We continue our set of summer roundups by focusing our attention on a series of interviews conducted by Jeffrey G. Snodgrass. Snodgrass spoke with William Dressler, Emily Mendenhall, Christopher Lynn, and Greg Downey on the subject of bioculturalism, aiming to get anthropologists and closely-related others talking seriously, and thinking practically, about how to synergize biological and social scientific approaches to human health and well-being, and to what positive ends.
“I’m perplexed by cultural anthropology’s antagonism toward biology, with culture and biology more typically treated as providing alternate and competing, rather than complementary and synergistic, explanations for human functioning. This is particularly strange to me—a practicing cultural anthropologist with a background in molecular biology—when even medical anthropologists fail to account for the role biology plays in shaping human health. Wouldn’t such a consideration enrich our comprehension of the interplay between sociocultural milieus and human bodies?… To sketch a blueprint for such a future, I have invited a group of self-professed ‘biocultural anthropologists’ to address the question, ‘How might cultural anthropology gain by taking biology more seriously?’” —Jeffrey G. Snodgrass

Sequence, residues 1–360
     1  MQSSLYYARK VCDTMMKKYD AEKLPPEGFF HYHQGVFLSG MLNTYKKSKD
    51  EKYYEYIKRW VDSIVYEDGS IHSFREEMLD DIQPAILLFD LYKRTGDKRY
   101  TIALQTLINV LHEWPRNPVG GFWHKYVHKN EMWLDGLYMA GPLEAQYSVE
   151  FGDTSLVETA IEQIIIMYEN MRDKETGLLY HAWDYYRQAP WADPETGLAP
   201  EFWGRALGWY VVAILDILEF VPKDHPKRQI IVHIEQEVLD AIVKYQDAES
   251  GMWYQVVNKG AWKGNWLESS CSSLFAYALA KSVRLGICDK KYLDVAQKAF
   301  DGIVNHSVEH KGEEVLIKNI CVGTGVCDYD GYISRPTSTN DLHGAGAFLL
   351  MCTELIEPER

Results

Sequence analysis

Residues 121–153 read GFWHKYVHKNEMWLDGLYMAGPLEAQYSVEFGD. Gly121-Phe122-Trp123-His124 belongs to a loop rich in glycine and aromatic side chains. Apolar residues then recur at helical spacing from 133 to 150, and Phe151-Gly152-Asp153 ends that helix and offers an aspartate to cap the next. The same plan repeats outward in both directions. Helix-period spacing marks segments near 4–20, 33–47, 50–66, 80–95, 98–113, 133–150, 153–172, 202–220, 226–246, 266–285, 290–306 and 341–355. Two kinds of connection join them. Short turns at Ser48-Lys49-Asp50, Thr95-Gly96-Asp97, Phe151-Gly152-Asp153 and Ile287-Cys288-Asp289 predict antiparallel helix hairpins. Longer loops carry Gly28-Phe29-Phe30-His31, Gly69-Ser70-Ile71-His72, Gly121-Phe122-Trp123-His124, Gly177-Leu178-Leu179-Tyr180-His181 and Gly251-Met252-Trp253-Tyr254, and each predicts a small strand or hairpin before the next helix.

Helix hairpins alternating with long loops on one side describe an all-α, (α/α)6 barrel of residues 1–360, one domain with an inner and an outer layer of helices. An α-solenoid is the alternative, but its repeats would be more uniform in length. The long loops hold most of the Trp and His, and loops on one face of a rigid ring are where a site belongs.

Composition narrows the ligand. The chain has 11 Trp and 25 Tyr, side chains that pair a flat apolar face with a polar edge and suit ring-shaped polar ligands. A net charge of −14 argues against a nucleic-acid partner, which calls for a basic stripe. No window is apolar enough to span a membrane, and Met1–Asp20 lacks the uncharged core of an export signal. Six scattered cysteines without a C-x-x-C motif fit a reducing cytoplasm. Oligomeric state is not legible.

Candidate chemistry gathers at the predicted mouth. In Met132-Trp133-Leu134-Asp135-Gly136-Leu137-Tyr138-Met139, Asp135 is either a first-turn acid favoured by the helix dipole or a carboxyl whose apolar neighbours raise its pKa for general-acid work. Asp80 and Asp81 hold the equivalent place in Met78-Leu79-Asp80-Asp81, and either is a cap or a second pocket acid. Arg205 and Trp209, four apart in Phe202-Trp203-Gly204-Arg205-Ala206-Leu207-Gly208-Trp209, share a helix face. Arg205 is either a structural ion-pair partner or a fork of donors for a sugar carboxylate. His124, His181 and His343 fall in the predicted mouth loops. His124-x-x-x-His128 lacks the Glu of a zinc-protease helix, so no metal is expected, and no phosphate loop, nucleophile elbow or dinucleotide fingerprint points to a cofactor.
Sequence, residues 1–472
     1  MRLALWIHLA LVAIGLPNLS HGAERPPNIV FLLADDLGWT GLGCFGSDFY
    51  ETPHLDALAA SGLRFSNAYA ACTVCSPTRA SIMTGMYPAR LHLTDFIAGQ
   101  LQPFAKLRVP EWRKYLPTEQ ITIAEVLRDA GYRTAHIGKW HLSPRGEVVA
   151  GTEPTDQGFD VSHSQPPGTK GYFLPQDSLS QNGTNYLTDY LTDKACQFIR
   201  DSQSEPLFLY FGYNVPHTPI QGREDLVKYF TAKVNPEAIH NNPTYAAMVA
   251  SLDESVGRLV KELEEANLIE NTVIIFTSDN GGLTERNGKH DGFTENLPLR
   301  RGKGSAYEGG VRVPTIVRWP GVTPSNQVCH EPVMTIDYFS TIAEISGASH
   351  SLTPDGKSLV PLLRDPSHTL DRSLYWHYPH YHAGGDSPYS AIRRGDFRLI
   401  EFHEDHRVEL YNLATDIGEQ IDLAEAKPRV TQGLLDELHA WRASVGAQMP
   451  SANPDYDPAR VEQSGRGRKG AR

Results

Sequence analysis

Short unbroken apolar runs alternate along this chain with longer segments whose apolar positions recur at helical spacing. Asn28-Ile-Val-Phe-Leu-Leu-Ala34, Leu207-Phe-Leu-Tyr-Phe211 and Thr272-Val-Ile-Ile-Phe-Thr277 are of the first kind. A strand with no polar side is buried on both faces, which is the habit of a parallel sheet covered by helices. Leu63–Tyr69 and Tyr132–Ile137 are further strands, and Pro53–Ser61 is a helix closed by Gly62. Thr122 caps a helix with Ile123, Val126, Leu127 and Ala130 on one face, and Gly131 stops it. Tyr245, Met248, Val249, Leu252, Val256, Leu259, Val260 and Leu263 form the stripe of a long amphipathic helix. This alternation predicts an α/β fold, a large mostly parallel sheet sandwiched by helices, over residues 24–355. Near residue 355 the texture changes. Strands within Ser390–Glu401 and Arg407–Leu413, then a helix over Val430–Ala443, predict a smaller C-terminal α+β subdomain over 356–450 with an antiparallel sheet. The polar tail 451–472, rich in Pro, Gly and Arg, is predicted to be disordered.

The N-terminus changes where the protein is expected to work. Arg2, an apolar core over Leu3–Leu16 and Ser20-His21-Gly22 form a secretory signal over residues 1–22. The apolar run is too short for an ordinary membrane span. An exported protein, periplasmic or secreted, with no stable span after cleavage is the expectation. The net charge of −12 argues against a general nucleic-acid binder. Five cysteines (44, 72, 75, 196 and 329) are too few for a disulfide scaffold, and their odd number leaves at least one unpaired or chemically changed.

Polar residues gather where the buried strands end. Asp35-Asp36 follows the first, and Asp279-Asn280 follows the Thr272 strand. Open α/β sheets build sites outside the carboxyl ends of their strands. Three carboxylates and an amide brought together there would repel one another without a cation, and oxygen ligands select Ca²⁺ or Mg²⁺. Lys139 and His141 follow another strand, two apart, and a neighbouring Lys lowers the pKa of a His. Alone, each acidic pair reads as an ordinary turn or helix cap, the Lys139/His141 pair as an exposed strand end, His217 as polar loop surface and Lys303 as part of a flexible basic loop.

“Anthropological analyses are full of intriguing theoretical and ethnographic models proposing processes that operate at many levels, ranging from the molecular to the symbolic. Very often I find myself reading such analyses, only to get to the end thinking: “and……?” I’m waiting for the other shoe to drop, in the sense of what the implications of those processes might be for health or biological outcomes.
The views, opinions and positions expressed by these authors and blogs are theirs and do not necessarily represent that of the Bioethics Research Library and Kennedy Institute of Ethics or Georgetown University.